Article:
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    • Award Best Paper Award
      EMNLP 2014
      Jonathan Berant, Vivek Srikumar, Pei-Chun Chen, Brad Huang, Christopher D. Manning, Abby Vander Linden, Brittany Harding, and Peter Clark

      Machine reading calls for programs that read and understand text, but most current work only attempts to extract facts from redundant web-scale corpora. In this paper, we focus on a new reading comprehension task that requires complex reasoning over a single document. The input is a paragraph describing a biological process, and the goal is to answer questions that require an understanding of the relations between entities and events in the process. To answer the questions, we first predict a rich structure representing the process in the paragraph. Then, we map the question to a formal query, which is executed against the predicted structure. We demonstrate that answering questions via predicted structures substantially improves accuracy over baselines that use shallower representations.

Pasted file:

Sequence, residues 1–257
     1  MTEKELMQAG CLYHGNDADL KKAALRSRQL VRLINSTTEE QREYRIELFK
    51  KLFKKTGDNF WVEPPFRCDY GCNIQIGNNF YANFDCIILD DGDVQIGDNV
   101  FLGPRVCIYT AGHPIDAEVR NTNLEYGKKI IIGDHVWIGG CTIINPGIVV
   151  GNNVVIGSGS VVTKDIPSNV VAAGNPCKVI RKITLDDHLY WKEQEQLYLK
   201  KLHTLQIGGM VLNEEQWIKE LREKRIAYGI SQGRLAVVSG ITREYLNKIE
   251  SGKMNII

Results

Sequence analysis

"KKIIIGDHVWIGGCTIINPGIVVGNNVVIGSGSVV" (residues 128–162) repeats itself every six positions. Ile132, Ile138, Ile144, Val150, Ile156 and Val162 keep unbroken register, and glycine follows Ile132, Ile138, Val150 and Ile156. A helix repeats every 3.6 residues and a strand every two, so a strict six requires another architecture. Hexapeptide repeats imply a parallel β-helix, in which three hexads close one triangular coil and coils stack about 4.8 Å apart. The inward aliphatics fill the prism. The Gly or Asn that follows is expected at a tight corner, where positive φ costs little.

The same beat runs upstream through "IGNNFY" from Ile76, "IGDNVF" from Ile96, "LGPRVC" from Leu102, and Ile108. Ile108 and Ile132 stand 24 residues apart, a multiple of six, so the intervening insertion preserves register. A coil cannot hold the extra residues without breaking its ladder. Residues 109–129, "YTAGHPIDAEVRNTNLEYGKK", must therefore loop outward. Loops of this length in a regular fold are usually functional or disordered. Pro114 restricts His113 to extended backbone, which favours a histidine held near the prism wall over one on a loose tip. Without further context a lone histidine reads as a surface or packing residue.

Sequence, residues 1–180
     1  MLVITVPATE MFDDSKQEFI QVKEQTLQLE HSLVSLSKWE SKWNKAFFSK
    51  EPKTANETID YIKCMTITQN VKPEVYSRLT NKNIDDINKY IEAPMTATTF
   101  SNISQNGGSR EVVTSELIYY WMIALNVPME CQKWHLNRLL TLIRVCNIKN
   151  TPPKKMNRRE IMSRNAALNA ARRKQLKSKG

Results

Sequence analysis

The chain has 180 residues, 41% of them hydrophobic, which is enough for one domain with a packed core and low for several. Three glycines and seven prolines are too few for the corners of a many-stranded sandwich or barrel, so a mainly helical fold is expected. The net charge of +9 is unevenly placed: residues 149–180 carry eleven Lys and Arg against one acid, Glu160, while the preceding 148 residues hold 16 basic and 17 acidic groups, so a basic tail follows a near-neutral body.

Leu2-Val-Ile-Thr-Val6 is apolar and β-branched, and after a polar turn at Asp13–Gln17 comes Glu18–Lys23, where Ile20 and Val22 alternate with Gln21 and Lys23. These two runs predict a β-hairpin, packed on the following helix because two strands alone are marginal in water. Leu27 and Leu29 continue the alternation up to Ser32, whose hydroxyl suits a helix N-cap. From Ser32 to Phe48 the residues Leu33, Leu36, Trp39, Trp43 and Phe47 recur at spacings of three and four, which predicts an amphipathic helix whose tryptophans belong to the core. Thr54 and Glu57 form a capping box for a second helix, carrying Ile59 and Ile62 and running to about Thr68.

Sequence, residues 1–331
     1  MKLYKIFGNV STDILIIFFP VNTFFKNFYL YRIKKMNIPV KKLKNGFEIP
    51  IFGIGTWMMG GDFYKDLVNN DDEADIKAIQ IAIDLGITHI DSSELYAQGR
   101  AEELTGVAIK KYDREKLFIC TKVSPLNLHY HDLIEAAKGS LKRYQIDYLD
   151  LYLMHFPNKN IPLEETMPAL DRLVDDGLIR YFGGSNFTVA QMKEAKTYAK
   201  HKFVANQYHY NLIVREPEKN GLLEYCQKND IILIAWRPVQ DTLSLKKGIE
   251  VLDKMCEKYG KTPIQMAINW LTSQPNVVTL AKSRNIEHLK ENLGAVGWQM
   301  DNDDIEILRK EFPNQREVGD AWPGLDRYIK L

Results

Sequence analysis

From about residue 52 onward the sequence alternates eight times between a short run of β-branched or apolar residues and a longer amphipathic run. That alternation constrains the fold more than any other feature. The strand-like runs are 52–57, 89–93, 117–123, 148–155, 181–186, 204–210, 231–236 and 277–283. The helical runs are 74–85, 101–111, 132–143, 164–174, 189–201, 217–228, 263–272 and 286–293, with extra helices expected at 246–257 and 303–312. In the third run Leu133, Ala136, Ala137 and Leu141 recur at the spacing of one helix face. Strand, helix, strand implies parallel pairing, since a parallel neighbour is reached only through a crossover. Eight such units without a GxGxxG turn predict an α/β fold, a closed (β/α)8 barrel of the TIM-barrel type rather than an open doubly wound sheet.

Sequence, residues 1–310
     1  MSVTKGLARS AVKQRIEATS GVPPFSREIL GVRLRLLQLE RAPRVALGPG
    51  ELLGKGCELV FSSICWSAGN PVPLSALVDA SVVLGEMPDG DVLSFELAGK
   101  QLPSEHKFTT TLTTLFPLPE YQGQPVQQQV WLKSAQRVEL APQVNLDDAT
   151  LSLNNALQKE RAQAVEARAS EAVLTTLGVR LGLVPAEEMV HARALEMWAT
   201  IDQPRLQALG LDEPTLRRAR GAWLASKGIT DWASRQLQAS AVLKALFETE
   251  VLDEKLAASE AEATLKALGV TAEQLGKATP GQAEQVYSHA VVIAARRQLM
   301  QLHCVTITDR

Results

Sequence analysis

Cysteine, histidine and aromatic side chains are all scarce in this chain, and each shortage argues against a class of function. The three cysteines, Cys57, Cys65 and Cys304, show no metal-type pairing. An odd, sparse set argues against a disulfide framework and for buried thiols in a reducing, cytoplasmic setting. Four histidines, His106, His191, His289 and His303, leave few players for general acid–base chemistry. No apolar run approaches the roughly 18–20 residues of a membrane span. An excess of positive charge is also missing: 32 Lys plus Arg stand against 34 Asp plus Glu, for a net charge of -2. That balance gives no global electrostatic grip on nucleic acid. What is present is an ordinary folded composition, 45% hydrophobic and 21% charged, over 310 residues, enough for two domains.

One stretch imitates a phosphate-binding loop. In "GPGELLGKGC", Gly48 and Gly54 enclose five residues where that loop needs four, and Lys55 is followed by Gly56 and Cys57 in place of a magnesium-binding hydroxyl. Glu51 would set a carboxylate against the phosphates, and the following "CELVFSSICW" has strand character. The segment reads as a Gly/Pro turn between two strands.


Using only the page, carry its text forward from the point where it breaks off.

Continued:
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    • Award Best Paper Award
      AKBC 2014
      Peter Clark, Niranjan Balasubramanian, Sumithra Bhakthavatsalam, Kevin Humphreys, Jesse Kinkead, Ashish Sabharwal, and Oyvind Tafjord